Most of the time, when someone is arrested for DUI in Los Angeles they are released from jail within 24 hours. They are then free until and unless they are sentenced to jail at their trial. But sometimes, the person is not released. This happens for two reasons:
- They could not make bail
- They were denied bail by the judge
If this is happening to you or someone you love, you need to know how long they will be held and what you can do to get them out. Fortunately, you have options.
Understanding Bail in a DUI Case
“Bail” is just a legal term for money you put up to guarantee you won’t run from the law. When you pay bail, you are released from jail until your trial. As long as you appear at all your scheduled court appointments, you get the money back after the trial (even if you are found guilty). If you fail to appear, you lose the money.
Most people don’t have enough money to post bail on their own. Usually they go to a bail bond company, who loans them the money. But a bail bondsman charges a fee, normally 10% of the total amount. This is where the trouble comes in. Many families find that they cannot afford even the 10% fee to get a bail bond. If this is your situation, you are not alone—many DUI defendants and their families have this problem.
Bail is harder for DUI defendants because the bail costs are so high. In Los Angeles, the minimum recommended bail for DUI is $5,000 and can go to $25,000 or more. A 10% fee on a $25,000 bail bond is $2,500. That not an easy bill for most people to pay.
That leaves hundreds of defendants every year unable to pay bail. Others are denied bail completely.
Being Denied Bail
Being denied bail means the courts refuse to let you out on bail at any price. This is rare in DUI cases. When it happens, it’s usually because of other charges on your criminal record, a violent history, or because there’s reason to believe that you might try to flee. But the decision to deny you bail is not final—it can be challenged.
How Long Do I Stay in Jail If I Can’t Make Bail?
If you can’t afford bail in a DUI case, or if you were denied bail, you stay in jail until your trial. California law requires that the courts move as quickly as possible, so you don’t stay in jail longer than necessary. But you could still be in jail for a month or more.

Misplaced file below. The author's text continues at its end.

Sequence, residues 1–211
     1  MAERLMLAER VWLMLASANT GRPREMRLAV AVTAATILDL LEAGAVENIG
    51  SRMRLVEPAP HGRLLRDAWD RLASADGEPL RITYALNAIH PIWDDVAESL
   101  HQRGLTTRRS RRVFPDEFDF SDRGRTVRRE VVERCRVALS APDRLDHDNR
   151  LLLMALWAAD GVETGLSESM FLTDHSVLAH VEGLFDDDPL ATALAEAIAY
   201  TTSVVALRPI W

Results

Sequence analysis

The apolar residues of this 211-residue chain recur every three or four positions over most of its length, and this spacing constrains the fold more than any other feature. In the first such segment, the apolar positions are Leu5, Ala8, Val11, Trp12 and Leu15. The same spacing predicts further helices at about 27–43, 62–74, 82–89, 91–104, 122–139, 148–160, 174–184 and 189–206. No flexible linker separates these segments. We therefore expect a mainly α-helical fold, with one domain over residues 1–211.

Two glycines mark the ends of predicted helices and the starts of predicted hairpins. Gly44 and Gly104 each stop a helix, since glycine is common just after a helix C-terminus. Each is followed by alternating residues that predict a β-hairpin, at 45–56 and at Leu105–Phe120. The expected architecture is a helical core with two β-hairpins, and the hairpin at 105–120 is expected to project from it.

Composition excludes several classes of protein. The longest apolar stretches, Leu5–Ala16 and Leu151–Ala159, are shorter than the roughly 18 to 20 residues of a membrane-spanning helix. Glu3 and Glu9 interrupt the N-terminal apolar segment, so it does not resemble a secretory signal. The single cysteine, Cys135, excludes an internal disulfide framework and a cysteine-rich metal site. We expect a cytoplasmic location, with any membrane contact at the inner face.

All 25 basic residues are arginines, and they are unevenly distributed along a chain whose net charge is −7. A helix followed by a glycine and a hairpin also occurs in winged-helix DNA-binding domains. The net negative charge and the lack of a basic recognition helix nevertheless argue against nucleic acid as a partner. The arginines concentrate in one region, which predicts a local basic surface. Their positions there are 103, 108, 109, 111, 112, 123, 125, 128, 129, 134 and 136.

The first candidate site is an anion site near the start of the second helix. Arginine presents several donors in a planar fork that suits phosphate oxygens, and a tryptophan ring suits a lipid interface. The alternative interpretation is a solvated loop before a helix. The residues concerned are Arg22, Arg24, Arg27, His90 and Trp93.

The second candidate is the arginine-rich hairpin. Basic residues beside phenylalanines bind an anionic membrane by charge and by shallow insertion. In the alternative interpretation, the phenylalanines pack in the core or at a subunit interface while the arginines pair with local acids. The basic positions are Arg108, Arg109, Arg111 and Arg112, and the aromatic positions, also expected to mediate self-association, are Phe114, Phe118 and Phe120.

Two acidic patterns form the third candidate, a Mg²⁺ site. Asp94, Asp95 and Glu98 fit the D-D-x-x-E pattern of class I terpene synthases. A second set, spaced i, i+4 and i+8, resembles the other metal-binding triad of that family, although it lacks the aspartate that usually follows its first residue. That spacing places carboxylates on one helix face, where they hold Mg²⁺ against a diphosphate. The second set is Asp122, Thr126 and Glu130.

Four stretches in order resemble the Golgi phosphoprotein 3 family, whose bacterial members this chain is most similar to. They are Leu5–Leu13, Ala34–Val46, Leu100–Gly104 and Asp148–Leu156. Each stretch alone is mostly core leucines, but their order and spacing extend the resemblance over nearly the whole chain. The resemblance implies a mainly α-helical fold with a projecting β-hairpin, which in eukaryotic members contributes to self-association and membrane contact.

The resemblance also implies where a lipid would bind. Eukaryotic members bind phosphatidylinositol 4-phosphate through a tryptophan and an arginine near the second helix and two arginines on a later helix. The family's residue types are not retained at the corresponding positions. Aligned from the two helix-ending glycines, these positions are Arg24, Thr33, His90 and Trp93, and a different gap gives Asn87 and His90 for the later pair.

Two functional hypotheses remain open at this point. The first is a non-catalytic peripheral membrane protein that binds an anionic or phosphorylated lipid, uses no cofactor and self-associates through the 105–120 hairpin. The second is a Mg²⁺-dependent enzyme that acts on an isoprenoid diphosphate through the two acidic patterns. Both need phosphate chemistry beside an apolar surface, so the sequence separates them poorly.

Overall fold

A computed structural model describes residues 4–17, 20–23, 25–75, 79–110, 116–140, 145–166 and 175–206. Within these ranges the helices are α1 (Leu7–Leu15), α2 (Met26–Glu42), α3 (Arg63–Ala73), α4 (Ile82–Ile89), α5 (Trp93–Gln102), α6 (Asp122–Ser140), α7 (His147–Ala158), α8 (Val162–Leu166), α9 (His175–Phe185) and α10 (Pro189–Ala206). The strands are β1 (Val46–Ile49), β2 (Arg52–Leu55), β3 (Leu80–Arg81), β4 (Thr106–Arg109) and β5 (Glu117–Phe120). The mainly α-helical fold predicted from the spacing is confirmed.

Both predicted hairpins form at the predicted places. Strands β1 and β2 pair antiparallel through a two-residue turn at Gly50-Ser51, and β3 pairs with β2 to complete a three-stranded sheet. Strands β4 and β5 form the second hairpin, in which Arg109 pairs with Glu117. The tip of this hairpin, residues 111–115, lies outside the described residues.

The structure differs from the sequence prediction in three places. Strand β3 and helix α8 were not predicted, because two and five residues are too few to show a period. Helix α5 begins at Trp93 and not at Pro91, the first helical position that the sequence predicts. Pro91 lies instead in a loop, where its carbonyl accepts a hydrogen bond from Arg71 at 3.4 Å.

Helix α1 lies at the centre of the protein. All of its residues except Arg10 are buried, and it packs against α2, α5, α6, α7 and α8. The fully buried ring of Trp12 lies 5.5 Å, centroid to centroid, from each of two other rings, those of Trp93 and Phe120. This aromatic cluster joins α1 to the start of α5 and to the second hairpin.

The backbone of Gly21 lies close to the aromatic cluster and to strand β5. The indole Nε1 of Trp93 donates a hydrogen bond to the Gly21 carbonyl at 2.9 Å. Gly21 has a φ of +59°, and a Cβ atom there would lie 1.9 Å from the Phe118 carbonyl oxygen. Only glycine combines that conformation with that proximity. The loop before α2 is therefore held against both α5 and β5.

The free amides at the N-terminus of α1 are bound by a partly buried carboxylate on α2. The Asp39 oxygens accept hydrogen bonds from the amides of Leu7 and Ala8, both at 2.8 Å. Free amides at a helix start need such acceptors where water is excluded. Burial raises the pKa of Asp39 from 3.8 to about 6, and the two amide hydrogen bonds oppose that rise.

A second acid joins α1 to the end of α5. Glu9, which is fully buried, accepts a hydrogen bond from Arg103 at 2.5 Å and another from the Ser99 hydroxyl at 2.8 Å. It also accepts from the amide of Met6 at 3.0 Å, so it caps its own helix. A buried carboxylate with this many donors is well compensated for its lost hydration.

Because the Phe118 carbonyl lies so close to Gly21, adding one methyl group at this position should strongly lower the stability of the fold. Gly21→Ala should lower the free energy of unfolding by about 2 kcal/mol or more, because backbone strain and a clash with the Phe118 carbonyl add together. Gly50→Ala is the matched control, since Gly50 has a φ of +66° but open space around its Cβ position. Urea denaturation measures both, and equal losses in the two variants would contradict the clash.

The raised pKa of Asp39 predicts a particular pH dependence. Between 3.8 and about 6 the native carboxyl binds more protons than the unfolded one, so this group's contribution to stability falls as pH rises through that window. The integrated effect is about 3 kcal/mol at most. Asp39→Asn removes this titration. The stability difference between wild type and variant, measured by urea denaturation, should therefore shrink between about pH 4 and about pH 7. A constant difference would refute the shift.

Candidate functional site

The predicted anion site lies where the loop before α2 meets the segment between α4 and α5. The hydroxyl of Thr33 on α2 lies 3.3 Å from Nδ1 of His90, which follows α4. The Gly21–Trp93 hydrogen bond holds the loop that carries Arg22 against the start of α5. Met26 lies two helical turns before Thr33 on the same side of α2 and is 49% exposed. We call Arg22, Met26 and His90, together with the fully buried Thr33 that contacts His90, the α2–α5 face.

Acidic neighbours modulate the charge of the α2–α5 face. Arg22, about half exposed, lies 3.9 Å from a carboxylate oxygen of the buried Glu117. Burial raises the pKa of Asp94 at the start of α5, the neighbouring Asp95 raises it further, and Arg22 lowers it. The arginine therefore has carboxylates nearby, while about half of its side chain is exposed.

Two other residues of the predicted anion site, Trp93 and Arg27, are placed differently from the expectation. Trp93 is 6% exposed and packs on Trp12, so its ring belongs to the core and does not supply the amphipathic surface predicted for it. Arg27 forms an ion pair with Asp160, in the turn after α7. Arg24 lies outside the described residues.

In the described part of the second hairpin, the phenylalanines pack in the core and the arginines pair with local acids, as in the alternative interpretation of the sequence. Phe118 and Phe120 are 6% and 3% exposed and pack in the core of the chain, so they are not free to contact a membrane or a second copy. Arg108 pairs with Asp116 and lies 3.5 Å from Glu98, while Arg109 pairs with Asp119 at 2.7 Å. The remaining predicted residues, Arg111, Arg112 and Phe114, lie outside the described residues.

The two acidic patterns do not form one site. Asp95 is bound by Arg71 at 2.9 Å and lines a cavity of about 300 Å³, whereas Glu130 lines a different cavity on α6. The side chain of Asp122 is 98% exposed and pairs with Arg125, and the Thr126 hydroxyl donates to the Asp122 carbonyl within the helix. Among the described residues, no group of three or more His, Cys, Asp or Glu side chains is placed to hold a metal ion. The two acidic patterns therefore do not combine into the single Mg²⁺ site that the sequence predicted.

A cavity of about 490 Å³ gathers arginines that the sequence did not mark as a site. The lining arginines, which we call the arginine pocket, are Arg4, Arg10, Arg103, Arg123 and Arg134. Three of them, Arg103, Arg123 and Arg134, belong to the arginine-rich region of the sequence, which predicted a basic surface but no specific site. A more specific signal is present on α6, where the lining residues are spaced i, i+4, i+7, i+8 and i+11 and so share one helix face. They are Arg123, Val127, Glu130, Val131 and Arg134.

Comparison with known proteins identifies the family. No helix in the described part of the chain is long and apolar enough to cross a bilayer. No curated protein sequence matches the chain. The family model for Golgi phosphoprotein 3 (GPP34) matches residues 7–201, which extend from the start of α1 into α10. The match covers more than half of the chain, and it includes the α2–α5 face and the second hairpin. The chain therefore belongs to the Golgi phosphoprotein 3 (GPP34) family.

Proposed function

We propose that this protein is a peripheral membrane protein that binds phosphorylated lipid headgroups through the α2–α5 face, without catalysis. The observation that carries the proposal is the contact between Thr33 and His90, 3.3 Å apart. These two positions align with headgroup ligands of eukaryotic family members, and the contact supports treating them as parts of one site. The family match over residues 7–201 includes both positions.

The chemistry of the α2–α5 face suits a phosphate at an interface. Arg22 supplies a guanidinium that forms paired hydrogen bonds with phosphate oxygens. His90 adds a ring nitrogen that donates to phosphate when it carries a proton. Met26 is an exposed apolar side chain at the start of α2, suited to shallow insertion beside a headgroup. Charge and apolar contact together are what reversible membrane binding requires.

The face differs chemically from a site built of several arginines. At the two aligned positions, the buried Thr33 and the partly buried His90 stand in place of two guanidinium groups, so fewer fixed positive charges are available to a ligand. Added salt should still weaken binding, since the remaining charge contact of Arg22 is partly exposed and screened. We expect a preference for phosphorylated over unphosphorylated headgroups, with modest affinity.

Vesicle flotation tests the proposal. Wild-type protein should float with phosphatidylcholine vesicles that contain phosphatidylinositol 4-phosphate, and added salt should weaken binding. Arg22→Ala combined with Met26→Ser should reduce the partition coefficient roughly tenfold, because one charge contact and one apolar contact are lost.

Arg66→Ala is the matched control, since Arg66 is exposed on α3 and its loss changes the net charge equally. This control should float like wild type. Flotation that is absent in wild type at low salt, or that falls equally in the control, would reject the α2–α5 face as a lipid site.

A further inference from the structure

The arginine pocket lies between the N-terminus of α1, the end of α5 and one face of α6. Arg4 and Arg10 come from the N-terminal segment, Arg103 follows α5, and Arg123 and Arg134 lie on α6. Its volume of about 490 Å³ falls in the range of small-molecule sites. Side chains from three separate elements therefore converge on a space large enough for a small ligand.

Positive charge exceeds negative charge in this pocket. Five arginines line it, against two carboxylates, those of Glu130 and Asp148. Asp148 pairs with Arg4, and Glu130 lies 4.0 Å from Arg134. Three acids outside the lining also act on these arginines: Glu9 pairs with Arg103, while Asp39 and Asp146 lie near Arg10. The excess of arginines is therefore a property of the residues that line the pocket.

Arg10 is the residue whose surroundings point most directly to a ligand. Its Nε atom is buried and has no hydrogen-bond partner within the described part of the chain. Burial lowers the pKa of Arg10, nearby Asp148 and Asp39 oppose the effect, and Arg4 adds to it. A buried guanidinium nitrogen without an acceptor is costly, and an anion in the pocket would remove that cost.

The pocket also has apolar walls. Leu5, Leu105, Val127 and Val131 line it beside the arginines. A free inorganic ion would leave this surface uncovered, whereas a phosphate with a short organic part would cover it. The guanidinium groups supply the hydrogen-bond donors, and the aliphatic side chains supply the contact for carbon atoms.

The total amount of time in jail depends on:
- Your arraignment. You arraignment is a hearing where you enter a plea and get a trial date. If you cannot make bail, the courts have to hold your arraignment within 48 hours of your arrest. The 48 hours does not count Sundays or holidays. So you could wait 2-4 days total.
- Your trial date. Normally the judge can set a trial date as far out as 45 days after the arraignment. If you are in jail because you couldn’t make bail, however (or if you were denied bail), they have to set the trial within 30 days of the arraignment.
So, in theory, you won’t be in jail longer than 34 days before your trial. In reality, it can be longer. This is for two reasons.
First, you might object to the shorter 30-day wait before trial. Why? Because your lawyer might need time to prepare your case. If so, the trial date can be extended by an additional 10 days. The judge will only do this if your lawyer requests it.
Second, courts can have delays. The law only requires that your trial date is set within 30 days. But it can be rescheduled. This usually happens only if one or both lawyers are unable to make the trial date. In some cases, a DUI defendant will spend several months in jail before trial.
If this happens to you, you may be able to get out sooner if you request a bail hearing.
Challenging Bail with a Bail Hearing
A bail hearing is a hearing before a judge where you challenge the bail decision. You might request a bail hearing for several reasons:
- If bail is too high for you to pay, you can ask the judge to lower the amount.
- If you were denied bail, you can ask the judge to reconsider.
- You might ask the judge to do away with bail altogether, and let you out “on your own recognizance.” This means you give your word to return to court and stand trial.
Even at a bail hearing, a judge can refuse your request. You have to present compelling grounds for releasing you. Trained DUI lawyers know which arguments are most likely to work at a bail hearing. They also know how to request the hearing in the first place. You will not be given a bail hearing unless you formally request it.
Challenging Your Bail
Waiting in jail for a trial is not easy. It’s disheartening, it means you cannot work, and it makes it hard to communicate with your lawyer and plan your defense. If someone you love is being held for a DUI charge, we recommend taking every legal step available to get them out.
The best way to do that is by talking to an experienced DUI lawyer. We can match you with a Los Angeles DUI lawyer who will give you an in depth case evaluation—completely free of charge. They can help you request a bail hearing, challenge the bail decisions and potentially get your loved one free again. They can also help you fight the DUI charge.
Don’t waste a single day. Fill out the form to the right and get your FREE consultation today.